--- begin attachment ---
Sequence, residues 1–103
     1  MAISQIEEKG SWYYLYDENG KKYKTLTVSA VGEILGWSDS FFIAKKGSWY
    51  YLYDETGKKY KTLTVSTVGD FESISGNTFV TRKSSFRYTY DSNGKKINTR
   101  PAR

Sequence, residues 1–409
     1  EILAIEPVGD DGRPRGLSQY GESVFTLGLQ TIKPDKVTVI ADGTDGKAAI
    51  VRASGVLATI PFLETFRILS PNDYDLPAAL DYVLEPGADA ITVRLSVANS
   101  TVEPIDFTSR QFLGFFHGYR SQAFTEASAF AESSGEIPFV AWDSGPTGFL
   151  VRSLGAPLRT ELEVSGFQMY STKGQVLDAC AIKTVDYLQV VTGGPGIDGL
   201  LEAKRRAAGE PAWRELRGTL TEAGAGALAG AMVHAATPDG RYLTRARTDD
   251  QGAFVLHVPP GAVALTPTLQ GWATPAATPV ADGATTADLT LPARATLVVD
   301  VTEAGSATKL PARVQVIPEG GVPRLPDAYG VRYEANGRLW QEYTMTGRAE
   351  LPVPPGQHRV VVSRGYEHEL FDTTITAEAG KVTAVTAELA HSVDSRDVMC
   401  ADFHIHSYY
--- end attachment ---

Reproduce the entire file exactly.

Sequence, residues 1–103
     1  MAISQIEEKG SWYYLYDENG KKYKTLTVSA VGEILGWSDS FFIAKKGSWY
    51  YLYDETGKKY KTLTVSTVGD FESISGNTFV TRKSSFRYTY DSNGKKINTR
   101  PAR

Sequence, residues 1–409
     1  EILAIEPVGD DGRPRGLSQY GESVFTLGLQ TIKPDKVTVI ADGTDGKAAI
    51  VRASGVLATI PFLETFRILS PNDYDLPAAL DYVLEPGADA ITVRLSVANS
   101  TVEPIDFTSR QFLGFFHGYR SQAFTEASAF AESSGEIPFV AWDSGPTGFL
   151  VRSLGAPLRT ELEVSGFQMY STKGQVLDAC AIKTVDYLQV VTGGPGIDGL
   201  LEAKRRAAGE PAWRELRGTL TEAGAGALAG AMVHAATPDG RYLTRARTDD
   251  QGAFVLHVPP GAVALTPTLQ GWATPAATPV ADGATTADLT LPARATLVVD
   301  VTEAGSATKL PARVQVIPEG GVPRLPDAYG VRYEANGRLW QEYTMTGRAE
   351  LPVPPGQHRV VVSRGYEHEL FDTTITAEAG KVTAVTAELA HSVDSRDVMC
   401  ADFHIHSYY